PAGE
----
The world’s largest technology companies are taking extraordinary measures amid Russia’s invasion of Ukraine – far beyond any steps they have made in previous geopolitical conflicts.
Apple Inc. AAPL-Q has halted the sale of all products in Russia, taking down Apple Pay services and restricting access to Kremlin-controlled news outlets such as RT and Sputnik. The U.S.-based tech giant has also stopped displaying live-traffic features for Apple Maps, after a move by Google parent Alphabet Inc. this week to temporarily disable similar functions on Google Maps. Alphabet said it took the action for the safety of local Ukrainian communities.
Space Exploration Technologies Corp. (SpaceX) has activated satellite service in Ukraine through its Starlink system to safeguard the country’s broadband internet during the conflict. Microsoft Corp. said it is helping protect Ukraine from cyberattacks, disinformation campaigns and providing the country with humanitarian assistance.
At the same time, Meta Platforms Inc. FB-Q – which operates Facebook, WhatsApp and Instagram – said it has added new safety features such as locking accounts, labelling misinformation, removing the ability to view or search for friend lists and demoting posts that contain links to Russian media websites.
The moves were made after Ukrainian leaders pleaded with the companies late last week in a letter. “We need your support,” said the letter written by Ukrainian Vice-Prime Minister Mykhailo Fedorov, who shared it on Twitter.
“Modern technology is perhaps the best answer to the tanks, multiple rocket launchers and missiles.”
The blog posts and statements that announced the new measures from the trillion-dollar companies used language that they have previously shied away from. Microsoft president Brad Smith, for example, called the conflict “the tragic, unlawful and unjustified invasion of Ukraine.”
“This has become both a kinetic and digital war, with horrifying images from across Ukraine as well as less visible cyberattacks on computer networks and internet-based disinformation campaigns,” Mr. Smith wrote.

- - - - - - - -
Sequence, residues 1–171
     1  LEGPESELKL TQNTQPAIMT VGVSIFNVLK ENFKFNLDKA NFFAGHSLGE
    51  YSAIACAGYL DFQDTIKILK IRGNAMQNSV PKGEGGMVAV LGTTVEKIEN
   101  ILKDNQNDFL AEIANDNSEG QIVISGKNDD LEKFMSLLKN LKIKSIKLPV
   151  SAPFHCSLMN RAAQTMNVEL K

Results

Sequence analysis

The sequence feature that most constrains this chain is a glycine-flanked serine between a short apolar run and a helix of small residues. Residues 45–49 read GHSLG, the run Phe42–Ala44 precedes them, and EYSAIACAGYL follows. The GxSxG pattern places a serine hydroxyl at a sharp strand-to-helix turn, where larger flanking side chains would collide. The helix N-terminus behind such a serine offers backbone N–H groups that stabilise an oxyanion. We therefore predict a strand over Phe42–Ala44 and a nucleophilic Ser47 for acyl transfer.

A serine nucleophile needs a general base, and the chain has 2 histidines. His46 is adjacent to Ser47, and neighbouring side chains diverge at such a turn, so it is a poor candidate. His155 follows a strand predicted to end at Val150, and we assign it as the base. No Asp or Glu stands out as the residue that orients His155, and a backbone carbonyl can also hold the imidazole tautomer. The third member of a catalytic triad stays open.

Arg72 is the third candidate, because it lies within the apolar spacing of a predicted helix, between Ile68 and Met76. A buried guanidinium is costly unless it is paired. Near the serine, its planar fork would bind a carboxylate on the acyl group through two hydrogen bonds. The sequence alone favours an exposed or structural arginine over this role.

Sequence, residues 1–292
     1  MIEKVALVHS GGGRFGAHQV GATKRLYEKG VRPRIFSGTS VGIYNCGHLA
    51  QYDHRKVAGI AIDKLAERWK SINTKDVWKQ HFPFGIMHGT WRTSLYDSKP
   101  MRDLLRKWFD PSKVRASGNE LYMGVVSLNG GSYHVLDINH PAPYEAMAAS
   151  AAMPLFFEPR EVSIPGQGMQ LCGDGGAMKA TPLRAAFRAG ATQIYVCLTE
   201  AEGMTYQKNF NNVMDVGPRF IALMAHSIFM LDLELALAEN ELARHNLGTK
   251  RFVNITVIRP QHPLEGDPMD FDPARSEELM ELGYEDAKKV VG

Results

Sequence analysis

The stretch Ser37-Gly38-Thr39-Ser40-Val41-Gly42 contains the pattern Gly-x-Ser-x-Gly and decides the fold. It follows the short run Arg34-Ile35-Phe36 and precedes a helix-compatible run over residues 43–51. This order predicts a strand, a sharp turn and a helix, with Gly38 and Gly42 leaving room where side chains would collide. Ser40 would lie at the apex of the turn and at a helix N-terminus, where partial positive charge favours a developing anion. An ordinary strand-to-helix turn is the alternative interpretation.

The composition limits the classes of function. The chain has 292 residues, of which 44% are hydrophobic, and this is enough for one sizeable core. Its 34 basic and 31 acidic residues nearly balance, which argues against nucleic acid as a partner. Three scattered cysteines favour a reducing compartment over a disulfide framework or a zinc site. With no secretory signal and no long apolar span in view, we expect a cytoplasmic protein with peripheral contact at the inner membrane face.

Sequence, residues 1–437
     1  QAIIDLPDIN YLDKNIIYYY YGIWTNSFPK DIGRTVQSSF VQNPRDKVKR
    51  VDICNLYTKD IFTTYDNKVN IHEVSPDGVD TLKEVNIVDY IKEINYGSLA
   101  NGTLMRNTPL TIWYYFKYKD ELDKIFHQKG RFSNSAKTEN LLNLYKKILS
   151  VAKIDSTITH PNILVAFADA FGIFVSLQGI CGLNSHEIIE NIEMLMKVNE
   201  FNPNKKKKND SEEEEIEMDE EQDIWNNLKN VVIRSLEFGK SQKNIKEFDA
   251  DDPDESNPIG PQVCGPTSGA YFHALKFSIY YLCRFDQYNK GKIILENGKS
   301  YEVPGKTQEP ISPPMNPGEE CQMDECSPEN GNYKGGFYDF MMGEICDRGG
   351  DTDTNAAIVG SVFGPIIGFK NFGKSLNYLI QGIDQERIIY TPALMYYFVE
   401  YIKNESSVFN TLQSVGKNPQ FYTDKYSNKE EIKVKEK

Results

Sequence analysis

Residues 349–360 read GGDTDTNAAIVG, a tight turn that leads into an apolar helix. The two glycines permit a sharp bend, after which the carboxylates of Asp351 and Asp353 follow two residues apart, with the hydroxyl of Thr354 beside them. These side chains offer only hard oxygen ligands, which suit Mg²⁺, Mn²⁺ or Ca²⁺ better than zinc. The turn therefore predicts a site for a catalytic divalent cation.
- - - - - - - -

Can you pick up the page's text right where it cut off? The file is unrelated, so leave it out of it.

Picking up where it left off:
It is a sharp contrast to the “politically neutral, actor-agnostic” image that these internet-based corporations have maintained over the course of the past decade, said Philip Mai, co-director of the Social Media Lab at Ryerson University in Toronto.
“Of course, it is up for debate whether they were ever truly politically neutral,” he said. “But the fact is, this is something they have decided they are no longer being neutral about. And that from them is quite the big shift.”
The measures also raise questions about why the tech companies have not taken initiatives or weighed in on other international conflicts before, Mr. Mai said. “You start to wonder why they chose to do something here. Was it because we’re talking about wealthy, white nations and not Afghanistan, Syria or South America?” he said.
“They’ve now sort of lost any high ground about where and how they choose not to be involved in other geopolitical situations. When the dust hopefully settles in Ukraine, what will they do for other calls in other countries?”
Carmen Celestini, a postdoctoral fellow with The Disinformation Project at Simon Fraser University in British Columbia, agrees.
“If combatting disinformation or misinformation is what they’re saying they have taken these steps for, well, that’s been happening for years and proliferating in several other regions,” said Prof. Celestini, who is also an instructor at the University of Waterloo.
Anatoliy Gruzd, a Toronto-based Canada Research Chair in privacy-preserving digital technologies, is not surprised by the new measures. “There’s been a trend at tech companies that has been developing quite clearly over the last few years, where we’ve seen them publishing transparency reports and calling out countries that run disinformation campaigns on their platforms,” he said.
“We’ve seen this for good reason during the COVID-19 pandemic. And we’ve also seen this in China, where Big Tech has certainly vocalized their stance before.”
However, Katrina German, chief executive officer of Saskatoon-based online strategies firm Ethical Digital, believes the decision was only based on monetary rationale.
“Each company is obviously trying to figure out what’s the best approach for them individually and I’m sure conversations on that are still taking place about whether these things should be temporary or not. What ties them all together though is that they’re still considering their revenue first and foremost,” Ms. German said.
“Apple, for example, does not have physical stores in Russia, but it does have a big market in other European and North American countries who have clearly vocalized their support for Ukraine. So, yes, this is still very much a business decision,” she added.
On Tuesday, Russia’s Foreign Ministry said Meta and Alphabet are responsible for “inciting war,” according to the state communicator Roskomnadzor. The country demanded that foreign internet services stop discriminating against their regime and that they “will be held responsible.”
Your time is valuable. Have the Top Business Headlines newsletter conveniently delivered to your inbox in the morning or evening. Sign up today.